Back in 2012, I turned on the Today programme, to find a bunch of men talking. Not unusual, really, except the item was about women's experiences of a particular breast cancer test. I listened as John Humphreys asked a man, 'if you were a woman, you would have no
hesitation being screened?'
The BBC claimed they'd been unable to find a female spokesperson. Given the number of talented women out there, I couldn't believe there was such a narrow selection of voices to pick from. So I decided to set up The Women's Room - a database of female professionals that could be sourced by the media to ensure greater female representation.
But only half a year later, the Bank of England announced in 2013 they were replacing Elizabeth Fry with Winston Churchill on the £5 note. What the press release failed to mention was that, apart from the Queen, this would lead to an all male line-up.
You might ask - who cares about an image on a bit of paper? But the Bank's decision was a small example of a much bigger problem. It was indicative of a damaging trend - the woeful lack of female role models in our society.
Sure, we make up half the population, but women only account for 13% of news subjects, 28% of Hollywood speaking roles and 25% of the media's 'experts'. Even walking around London, I'm struck by the number of male statues dominating our capital's streets and buildings. This is more than just 'unfair'. It has been scientifically proven that such a visible lack of female role models has a negative affect on women's choices and performance.
My concern was that if the Bank of England expunged the only woman from its currency, every time a note changed hands the subliminal message would be sent that no woman's achievements were considered worthy enough to feature. I couldn't let that happen.
My first action, one Friday afternoon in April, was to launch an online petition through Change.org calling upon the Bank of England to reverse their decision. By Monday the petition had gained enough support to draw the media's gaze.
The bank had enough nouse to realise they had to respond - but not enough to realise the power I had with the Internet behind me. Their first effort was a pat on the head and 'thanks for the suggestion' sort of reply. Subsequent communications were met with obfuscating and stonewalling.
Why was the campaign of so much interest? I think it was a great story - a kind of David vs. Goliath. Here we were students at the time, just a bunch of activists trying to raise money to take on the Bank of England (we set up a crowdfunder for a legal challenge). More than that, the message resonated. The banknote was a visible and easily understandable way of highlighting a deep-set societal problem.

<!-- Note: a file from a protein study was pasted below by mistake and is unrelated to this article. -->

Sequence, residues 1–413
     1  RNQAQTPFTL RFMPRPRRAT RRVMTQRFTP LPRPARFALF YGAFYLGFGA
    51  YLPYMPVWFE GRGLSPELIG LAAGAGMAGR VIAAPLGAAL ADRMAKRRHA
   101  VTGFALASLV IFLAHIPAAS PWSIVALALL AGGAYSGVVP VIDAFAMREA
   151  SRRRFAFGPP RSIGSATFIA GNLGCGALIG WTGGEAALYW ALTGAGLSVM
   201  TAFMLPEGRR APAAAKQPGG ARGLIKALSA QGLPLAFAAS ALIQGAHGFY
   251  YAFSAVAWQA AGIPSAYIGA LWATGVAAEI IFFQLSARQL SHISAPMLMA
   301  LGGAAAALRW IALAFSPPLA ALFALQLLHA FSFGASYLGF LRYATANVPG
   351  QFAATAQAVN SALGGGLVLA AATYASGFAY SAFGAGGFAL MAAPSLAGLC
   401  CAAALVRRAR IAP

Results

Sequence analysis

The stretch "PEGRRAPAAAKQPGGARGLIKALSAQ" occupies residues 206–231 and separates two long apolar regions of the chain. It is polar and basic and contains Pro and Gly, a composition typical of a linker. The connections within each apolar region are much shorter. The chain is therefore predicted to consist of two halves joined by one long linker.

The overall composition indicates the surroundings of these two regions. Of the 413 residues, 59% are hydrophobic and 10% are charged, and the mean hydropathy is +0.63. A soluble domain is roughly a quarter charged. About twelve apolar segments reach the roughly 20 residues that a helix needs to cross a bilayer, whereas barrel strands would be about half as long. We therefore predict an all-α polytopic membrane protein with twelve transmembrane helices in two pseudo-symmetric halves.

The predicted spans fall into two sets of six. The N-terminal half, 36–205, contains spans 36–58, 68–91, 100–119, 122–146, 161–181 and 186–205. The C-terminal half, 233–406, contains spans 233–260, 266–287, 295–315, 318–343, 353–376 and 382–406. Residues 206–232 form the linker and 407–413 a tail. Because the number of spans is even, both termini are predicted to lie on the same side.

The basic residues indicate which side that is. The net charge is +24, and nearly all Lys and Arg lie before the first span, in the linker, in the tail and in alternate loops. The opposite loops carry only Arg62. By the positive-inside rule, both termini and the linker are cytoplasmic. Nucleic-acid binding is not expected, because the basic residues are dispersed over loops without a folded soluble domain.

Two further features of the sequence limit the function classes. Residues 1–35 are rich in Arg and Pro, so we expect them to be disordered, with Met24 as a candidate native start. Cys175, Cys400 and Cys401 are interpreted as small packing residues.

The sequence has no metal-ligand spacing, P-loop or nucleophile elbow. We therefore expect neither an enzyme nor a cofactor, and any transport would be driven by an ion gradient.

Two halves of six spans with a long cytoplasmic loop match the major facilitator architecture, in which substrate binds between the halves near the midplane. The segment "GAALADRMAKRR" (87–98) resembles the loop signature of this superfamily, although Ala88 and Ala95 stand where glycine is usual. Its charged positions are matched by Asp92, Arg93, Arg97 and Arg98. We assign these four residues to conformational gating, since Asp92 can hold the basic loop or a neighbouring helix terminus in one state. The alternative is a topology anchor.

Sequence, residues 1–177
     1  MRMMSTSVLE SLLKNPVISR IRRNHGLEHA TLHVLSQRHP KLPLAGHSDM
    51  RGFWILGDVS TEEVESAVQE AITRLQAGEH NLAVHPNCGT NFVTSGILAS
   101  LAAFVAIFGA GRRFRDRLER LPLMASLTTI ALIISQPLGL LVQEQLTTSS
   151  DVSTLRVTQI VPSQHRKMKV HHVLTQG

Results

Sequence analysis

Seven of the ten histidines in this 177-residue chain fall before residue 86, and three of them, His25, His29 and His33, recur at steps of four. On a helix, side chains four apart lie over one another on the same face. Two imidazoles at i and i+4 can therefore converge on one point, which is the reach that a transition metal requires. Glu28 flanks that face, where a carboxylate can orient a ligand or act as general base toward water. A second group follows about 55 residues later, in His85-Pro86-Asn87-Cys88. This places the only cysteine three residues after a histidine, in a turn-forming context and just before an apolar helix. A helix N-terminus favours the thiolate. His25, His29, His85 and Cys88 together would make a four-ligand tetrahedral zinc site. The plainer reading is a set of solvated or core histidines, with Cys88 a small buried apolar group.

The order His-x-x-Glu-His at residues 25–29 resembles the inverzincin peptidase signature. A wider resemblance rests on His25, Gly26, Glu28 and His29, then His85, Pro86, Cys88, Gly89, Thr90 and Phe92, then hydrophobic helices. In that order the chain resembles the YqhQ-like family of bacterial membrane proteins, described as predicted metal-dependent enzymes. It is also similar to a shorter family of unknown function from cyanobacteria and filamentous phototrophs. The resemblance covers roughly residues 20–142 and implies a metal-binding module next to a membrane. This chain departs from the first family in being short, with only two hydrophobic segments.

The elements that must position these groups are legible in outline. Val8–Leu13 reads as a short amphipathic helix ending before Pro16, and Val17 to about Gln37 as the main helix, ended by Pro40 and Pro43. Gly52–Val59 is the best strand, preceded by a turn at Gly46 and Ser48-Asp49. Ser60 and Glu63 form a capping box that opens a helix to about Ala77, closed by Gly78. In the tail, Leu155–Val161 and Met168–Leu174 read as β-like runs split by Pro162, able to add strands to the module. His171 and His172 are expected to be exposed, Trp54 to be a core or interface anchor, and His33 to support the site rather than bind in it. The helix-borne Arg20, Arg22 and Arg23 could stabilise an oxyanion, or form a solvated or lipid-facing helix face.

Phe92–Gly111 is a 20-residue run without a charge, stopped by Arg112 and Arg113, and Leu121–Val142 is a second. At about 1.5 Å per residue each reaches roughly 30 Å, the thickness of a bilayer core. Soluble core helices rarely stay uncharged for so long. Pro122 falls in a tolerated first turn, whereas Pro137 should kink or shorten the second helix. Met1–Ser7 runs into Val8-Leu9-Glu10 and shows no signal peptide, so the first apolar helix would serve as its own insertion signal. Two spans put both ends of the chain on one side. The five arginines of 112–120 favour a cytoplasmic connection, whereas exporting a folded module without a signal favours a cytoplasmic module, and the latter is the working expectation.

Over the course of the next few weeks, we drip-fed the campaign. Six letters threatening legal action were sent to the bank. Stella Creasy organised a letter signed by senior Labour politicians. Maria Miller gave her backing and Ed Miliband mentioned the campaign in his speech.
It helped that the bank fuelled the campaign. Mervyn King, the Governor of the Bank of England at the time, appeared on Sky News and effectively asked what the fuss was about given the Queen was a permanent feature on all banknotes. The fact that the monarch's image adorns our currency by mere accident of birth, rather than by virtue of achievement, clearly hadn't registered.
Finally, with 36,000 signatories and £13,000 raised in readiness for legal action, we achieved success. On 24 July 2013, Mark Carney, the new governor, announced that from 2017, Jane Austen would appear on the £10 note. He also promised an extensive review of the selection process.
What was the main reason for the campaign's success? The Internet was fundamental. While campaigns can only get so far without the support of the press, launching an online petition enabled me to grab the media's attention in a way that just hadn't been possible before. I was able to engage a large audience, and fast. By the time Mark Carney took up his post, I assume he just thought 'I've got an economy to sort out, get this off my desk and give this woman what she wants'.
But while the Internet was essential to the campaign's success, for me, it proved a double-edged sword. In the days after the dust settled, I (alongside other female campaigners) became the target of a stream of Twitter abuse. Every hour, I received up to fifty graphic rape and death threats. When my suspected address was posted alongside the warning 'women who talk too much need to get raped', I was terrified.
Despite advice to ignore the tweets, I decided to fight back. I was not going to be silenced by a bunch of spineless idiots who couldn't deal with women in the public space. I tweeted my objections and was joined by a torrent of support. Without Twitter assuming any responsibility for the content of the abusive tweets, I went to the police which eventually led to two prosecutions.
It was a horribly traumatic time and some people have asked whether I regretted my decision to take on the Bank of England. The answer is no. In a way, campaigning for women on banknotes helped achieve an unexpected victory. It forced Twitter to take this kind of relentless abuse seriously.
Yes, the backlash to my protest was one I hadn't bargained on and caused me to leave Twitter for a time. But I couldn't stay away for long. As an activist and journalist, it was too valuable a tool to give up. Besides, I wasn't going to be driven away by a group of women-hating cowards.
This article was originally published by The Brewery at freuds, in partnership with Change.org. Read the full publication here.Suggest a correction